Response – The detail of the diversion routes for pedestrians and cyclists was required to have been submitted to and approved in writing by the Local Planning Authority, in consultation with the Chair and Vice Chair of the Planning Committee by planning approval 19/00570/FUL, Condition 23.

This condition was discharged under planning reference AOD/20/00269, with the diversion routes submitted by the applicant, reviewed by the Highway Authority (involving the Highway Development Control Engineer, the Traffic and Highway Development Manager and the Head of Transport) and the Planning Authority. As per the planning condition, the diversion routes were approved by the Planning Authority in consultation with the Chair and Vice Chair of the Planning Committee. The relevant documents and decisions are available on the planning portal at this link: www.york.gov.uk/SearchPlanningApplications.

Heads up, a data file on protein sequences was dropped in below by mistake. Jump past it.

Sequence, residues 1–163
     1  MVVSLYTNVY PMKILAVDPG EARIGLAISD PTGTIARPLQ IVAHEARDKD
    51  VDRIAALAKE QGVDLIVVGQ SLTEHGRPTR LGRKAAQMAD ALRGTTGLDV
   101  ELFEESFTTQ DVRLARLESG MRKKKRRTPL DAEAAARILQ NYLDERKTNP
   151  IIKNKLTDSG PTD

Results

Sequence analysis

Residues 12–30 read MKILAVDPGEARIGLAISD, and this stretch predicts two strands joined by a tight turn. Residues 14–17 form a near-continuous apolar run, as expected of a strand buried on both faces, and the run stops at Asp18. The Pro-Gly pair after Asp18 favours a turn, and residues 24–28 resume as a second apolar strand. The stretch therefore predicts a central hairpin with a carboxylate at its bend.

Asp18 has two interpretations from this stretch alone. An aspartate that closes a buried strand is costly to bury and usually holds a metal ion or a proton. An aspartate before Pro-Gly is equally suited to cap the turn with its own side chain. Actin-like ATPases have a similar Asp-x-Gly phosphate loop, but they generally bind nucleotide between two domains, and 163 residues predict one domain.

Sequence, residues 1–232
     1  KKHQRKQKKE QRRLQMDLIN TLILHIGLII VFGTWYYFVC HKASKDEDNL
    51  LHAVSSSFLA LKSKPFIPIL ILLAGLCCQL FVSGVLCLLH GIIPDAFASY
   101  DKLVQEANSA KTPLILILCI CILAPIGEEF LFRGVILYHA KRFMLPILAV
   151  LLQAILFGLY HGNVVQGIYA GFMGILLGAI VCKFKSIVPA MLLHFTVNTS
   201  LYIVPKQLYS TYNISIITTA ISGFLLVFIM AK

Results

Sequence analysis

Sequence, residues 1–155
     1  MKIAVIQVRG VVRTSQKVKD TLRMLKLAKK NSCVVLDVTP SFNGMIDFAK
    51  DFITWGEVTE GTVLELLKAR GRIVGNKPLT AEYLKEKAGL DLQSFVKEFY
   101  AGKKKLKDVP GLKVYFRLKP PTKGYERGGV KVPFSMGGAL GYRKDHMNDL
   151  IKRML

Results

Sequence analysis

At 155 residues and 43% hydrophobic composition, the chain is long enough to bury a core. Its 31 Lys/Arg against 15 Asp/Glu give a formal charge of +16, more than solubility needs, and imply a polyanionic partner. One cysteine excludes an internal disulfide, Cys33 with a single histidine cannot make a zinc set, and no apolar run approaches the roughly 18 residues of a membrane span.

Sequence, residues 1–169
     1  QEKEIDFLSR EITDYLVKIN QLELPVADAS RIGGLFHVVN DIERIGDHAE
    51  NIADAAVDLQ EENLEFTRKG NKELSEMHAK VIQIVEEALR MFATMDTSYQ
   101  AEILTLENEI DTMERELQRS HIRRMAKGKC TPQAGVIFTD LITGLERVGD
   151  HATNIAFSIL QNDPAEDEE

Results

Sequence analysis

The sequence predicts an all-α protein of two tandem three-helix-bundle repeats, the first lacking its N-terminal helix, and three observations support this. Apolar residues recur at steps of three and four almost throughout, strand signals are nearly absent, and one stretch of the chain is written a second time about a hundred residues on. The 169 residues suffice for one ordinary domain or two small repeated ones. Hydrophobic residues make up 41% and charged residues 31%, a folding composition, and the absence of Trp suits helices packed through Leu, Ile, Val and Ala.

· Request point 2 - Please list the criteria the diversion had to meet

Response – The routes are diversion routes for a closure associated with road/street works, in this case works undertaken by the environment Agency in the adopted highway. The site set up, including diversion routes, therefore has to be compliant with the “Safety at Street Works and Road Works - A Code of Practice” document, known as the Red Book, which is available here: assets.publishing.service.gov.uk/government/uploads/system/uploads/attachment_data/file/321056/safety-at-streetworks.pdf

The Red Book requires that “a risk assessment must be carried out on any diversion route to ensure it is suitable and safe for the diverted traffic or pedestrians”. This was undertaken through the Stage 1 and Stage 2 Road Safety Audits which are available on the planning portal under planning reference AOD/20/00269.